# Menger's Theorems and Max-Flow-Min-Cut

There are several versions of Menger's Theorem, all can be derived from the Max-Flow-Min-Cut Theorem.
Undirected, Vertex Version. Let G be an undirected graph, and let u and v be nonadjacent vertices in G. Then, the maximum number of pairwise-internally-disjoint (u,v)-paths in G equals the minimum number of vertices from V(G)-{u,v} whose deletion separates u and v.
Directed, Vertex Version. Let D be a directed graph, and let u and v be vertices in G, with no arc from u to v. Then, the maximum number of pairwise-internally-disjoint directed (u,v)-paths in D equals the minimum number of vertices from V(D)-{u,v} whose deletion destroys all directed paths from u to v.
Undirected, Edge Version. Let G be an undirected graph, and let u and v be vertices in G. Then, the maximum number of pairwise-edge-disjoint (u,v)-paths in G equals the minimum number of edges from E(G) whose deletion separates u and v.
Directed, Arc Version. Let D be a directed graph, and let u and v be vertices in D. Then, the maximum number of pairwise-arc-disjoint directed (u,v)-paths in D equals the minimum number of arcs in A(D) whose deletion destroys all directed paths from u to v.
Connectivity. Let G be a k-connected graph. Then, for any pair of vertices, u and v, there are at least k pairwise-internally-disjoint (u,v)-paths in D.

Obviously, if some set of vertices, Y, separates u and v (that is, u and v are in different components of G-Y), then G is at most |Y|-connected.

Similar statements can be made for edge-connectivity, and for directed versions.
Max-Flow-Min-Cut. Let D be a directed graph, and let u and v be vertices in D. The maximum weight among all (u,v)-flows in D equals the minimum capacity among all sets of arcs in A(D) whose deletion destroys all directed paths from u to v.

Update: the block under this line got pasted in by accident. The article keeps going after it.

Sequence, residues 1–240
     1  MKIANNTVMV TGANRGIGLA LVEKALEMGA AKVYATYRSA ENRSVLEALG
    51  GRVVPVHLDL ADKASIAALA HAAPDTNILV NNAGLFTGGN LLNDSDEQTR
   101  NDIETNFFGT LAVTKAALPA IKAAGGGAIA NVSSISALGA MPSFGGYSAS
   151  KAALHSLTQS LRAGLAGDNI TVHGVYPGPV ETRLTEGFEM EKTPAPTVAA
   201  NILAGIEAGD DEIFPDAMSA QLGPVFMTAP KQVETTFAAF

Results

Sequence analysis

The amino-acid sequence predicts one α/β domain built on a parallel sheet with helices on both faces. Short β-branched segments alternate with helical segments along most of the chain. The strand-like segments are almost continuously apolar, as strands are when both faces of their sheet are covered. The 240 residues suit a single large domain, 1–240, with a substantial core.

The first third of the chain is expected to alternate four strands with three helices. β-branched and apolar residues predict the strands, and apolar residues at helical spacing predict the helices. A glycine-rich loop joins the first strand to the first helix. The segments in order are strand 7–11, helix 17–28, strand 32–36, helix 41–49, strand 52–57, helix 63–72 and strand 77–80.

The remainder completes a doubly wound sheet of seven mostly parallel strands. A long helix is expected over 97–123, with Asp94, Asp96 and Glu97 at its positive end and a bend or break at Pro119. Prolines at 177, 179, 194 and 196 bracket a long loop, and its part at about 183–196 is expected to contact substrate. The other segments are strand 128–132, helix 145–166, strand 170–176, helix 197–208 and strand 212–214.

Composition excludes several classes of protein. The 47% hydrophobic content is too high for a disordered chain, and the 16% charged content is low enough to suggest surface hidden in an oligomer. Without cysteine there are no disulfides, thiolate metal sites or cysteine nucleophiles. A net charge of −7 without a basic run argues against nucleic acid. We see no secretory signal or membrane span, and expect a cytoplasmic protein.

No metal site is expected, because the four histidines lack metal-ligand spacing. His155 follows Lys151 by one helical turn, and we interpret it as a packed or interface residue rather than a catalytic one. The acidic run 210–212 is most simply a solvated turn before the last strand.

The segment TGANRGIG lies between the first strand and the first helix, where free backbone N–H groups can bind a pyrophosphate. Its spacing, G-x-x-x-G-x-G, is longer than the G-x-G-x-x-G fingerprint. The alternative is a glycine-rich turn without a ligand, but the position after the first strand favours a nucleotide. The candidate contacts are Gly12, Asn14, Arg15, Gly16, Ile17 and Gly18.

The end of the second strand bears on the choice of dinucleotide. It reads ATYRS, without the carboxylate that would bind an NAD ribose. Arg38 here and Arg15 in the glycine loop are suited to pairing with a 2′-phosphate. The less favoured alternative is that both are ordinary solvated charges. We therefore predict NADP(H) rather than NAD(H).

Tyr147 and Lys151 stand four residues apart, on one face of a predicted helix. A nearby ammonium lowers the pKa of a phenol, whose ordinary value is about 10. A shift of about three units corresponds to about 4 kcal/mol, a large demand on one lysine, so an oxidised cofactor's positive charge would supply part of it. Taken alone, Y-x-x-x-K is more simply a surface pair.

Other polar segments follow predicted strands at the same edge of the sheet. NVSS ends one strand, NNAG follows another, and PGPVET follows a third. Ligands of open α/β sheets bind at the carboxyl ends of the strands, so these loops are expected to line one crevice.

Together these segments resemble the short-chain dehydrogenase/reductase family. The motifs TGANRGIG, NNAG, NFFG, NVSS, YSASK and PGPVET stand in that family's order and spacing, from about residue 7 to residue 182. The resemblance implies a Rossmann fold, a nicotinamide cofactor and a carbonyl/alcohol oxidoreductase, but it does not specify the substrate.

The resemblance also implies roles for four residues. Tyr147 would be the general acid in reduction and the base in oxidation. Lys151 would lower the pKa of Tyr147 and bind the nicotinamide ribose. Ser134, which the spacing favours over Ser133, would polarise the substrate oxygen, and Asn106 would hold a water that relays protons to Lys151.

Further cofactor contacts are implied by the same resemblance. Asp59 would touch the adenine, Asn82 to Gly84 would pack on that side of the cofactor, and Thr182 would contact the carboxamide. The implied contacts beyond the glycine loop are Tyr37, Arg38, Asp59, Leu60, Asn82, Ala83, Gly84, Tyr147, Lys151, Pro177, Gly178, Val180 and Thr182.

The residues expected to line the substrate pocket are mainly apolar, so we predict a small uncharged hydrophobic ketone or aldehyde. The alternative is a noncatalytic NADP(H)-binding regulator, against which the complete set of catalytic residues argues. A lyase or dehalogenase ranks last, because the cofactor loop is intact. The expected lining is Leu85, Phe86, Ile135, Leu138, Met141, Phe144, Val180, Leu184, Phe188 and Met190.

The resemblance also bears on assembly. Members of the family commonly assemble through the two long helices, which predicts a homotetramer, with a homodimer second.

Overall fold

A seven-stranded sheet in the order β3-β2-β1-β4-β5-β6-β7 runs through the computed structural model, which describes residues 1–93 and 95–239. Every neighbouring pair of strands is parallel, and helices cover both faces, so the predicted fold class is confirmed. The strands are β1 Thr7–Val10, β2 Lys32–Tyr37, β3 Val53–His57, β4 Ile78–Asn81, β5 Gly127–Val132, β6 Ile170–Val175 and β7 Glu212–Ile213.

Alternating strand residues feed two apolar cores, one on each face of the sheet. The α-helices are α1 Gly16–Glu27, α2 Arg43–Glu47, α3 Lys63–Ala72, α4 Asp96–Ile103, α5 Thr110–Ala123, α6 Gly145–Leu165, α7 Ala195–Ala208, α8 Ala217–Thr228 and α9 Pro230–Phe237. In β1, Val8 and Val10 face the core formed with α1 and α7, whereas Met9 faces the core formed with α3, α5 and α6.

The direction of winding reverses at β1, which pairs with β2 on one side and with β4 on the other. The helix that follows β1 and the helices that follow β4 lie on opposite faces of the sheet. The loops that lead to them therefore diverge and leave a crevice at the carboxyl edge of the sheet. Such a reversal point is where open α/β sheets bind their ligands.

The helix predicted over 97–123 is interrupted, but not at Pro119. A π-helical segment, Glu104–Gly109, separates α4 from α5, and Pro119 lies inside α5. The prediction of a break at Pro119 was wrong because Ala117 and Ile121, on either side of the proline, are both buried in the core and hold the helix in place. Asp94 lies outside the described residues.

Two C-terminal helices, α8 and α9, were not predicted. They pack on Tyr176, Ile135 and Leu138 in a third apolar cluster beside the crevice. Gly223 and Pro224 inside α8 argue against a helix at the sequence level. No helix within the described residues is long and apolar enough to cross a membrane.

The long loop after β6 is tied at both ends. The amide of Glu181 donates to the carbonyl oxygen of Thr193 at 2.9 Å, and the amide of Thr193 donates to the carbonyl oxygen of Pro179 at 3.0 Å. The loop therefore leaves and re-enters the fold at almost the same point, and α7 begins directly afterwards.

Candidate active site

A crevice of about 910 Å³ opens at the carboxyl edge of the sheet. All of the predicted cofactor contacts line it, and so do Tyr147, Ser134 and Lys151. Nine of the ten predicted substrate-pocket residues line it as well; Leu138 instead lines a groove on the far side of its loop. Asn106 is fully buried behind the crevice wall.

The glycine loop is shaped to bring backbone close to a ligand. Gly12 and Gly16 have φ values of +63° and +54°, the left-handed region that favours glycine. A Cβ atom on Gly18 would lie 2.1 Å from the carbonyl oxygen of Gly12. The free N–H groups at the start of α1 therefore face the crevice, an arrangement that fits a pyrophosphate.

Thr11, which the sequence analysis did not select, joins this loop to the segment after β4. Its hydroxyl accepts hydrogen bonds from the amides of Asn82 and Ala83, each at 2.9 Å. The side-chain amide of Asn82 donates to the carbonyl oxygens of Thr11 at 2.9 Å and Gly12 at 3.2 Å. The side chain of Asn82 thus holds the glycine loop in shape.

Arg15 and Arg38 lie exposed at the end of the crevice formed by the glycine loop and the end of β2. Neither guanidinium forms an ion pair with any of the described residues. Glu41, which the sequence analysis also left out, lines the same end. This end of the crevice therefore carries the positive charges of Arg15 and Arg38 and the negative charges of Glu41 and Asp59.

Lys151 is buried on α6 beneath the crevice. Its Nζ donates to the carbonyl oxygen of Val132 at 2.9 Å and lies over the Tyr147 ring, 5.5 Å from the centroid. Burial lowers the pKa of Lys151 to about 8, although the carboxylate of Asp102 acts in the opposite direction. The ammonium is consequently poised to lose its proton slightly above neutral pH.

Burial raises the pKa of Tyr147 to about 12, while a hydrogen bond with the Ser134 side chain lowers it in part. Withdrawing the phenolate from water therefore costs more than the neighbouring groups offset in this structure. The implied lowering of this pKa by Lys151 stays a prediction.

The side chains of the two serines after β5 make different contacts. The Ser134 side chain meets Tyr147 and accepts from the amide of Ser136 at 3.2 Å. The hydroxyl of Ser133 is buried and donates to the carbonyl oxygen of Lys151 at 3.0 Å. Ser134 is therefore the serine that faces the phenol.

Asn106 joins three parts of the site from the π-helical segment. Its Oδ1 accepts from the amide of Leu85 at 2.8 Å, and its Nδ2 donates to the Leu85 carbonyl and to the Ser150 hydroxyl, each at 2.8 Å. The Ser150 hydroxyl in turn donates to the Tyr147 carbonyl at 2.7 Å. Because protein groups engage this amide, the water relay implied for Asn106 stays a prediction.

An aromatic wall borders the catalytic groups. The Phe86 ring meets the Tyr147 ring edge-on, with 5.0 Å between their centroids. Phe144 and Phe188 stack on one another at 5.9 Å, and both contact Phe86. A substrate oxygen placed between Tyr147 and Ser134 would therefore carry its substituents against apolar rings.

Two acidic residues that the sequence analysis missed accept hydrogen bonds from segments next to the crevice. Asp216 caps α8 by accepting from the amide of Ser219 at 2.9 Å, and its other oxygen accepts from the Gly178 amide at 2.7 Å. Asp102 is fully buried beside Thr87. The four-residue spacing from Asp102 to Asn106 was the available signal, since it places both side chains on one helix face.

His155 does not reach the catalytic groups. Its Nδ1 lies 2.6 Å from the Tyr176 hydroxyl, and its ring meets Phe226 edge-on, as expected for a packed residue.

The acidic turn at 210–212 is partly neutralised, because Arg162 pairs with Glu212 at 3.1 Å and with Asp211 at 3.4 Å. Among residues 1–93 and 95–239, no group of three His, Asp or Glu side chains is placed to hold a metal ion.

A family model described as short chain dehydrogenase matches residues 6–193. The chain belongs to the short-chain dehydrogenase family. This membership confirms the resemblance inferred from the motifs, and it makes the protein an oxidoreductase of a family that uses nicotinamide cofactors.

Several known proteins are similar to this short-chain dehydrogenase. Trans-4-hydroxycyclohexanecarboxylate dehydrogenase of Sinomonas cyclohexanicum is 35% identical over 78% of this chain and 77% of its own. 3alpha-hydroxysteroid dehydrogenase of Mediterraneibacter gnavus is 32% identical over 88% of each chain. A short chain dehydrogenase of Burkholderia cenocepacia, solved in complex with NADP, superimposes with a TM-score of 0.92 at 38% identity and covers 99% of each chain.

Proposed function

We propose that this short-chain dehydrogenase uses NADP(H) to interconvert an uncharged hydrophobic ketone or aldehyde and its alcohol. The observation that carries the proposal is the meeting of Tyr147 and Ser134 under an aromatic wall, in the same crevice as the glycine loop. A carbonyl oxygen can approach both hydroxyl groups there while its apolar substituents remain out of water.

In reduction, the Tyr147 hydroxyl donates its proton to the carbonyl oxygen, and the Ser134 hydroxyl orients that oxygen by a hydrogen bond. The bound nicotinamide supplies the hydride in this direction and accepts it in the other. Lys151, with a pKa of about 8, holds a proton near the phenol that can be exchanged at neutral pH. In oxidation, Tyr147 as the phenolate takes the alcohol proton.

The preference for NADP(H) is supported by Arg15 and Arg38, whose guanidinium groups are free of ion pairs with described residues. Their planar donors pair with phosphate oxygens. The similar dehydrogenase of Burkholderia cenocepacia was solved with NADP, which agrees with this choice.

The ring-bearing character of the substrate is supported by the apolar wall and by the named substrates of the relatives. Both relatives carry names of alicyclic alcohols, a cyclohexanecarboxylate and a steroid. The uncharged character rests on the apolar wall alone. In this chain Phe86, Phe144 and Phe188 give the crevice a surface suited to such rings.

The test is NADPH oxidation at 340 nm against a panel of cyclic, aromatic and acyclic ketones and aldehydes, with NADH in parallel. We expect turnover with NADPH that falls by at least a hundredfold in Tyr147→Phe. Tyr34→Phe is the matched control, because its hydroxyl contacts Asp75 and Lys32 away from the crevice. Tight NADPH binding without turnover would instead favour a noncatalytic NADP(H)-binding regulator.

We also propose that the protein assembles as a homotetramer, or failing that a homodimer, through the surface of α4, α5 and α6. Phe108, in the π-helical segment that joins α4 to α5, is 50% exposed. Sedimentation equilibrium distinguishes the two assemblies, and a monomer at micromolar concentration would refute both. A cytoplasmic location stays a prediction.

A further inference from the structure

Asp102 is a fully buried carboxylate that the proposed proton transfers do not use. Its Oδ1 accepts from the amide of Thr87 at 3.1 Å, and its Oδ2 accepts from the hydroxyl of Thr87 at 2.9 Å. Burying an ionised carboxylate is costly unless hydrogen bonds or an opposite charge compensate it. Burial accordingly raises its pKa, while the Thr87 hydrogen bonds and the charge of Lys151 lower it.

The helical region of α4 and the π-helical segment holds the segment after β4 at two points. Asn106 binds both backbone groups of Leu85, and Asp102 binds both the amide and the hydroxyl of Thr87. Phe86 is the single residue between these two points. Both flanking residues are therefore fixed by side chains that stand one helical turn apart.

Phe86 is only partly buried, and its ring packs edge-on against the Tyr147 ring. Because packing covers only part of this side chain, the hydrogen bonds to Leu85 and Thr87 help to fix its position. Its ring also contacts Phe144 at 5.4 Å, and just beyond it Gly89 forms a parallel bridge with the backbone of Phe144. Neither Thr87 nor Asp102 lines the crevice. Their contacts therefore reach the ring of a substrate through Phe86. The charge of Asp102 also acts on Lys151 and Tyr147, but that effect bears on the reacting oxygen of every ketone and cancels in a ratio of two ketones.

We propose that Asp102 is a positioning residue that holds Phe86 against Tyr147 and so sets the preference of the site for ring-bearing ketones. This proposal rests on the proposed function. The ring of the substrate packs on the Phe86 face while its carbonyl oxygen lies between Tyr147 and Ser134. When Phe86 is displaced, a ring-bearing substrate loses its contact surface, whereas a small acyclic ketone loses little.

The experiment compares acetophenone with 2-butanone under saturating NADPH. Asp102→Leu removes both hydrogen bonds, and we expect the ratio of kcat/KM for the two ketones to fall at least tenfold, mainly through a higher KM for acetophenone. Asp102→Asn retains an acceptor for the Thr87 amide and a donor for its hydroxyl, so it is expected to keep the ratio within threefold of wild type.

Furthermore, there is a low-order polynomial-time algorithm which will find a maximum (u,v)-flow and a minimum capacity (u,v)-cut (a set of arcs in A(D) whose deletion destroys all directed paths from u to v).

Proof. We sketch the proof for the case in which all capacities are +1. A {0,1}-flow is function from the set of arcs to the set {0,1), such that sum of the flow on arcs into any vertex is the same as the sum of the flow on arcs out of the vertex, except for the two special vertices: the source, u, and the sink, v. The 0-flow is the flow which is zero on every arc.
Starting with any {0,1}-flow f, for example the 0-flow, we make a new directed graph, D', with V(D')=V(D) and with A(D') = A1 union A2, where A1 is the set of those arcs of D whose flow is zero, and A2 is the set of reversals of those arcs of D whose flow is one.

Suppose that there is a directed (u,v)-path, P, in D'. Let F denote the symmetric difference of A1 and P. Clearly, F is the set of edges of a flow f', where f' is one on arcs of F and zero on arcs not in F. Furthermore, F contains more arcs which are incident with u than A1 does.

Suppose, instead, that there is no directed (u,v)-path in D'. Let S denote the set of vertices in D' to which there is a directed path from u in D'. Then, in D, the set of arcs, C, leaving S must have cardinality exactly the same as the cardinality of the sets of arcs from A1 which are incident with u.

The sum of the capacities on the arcs of A1 which are incident with u is usually called the weight of the flow. Obviously, no {0,1}-flow can have weight exceeding |C|.
Last modified July 3, 1996, by S.C. Locke. How to contact me.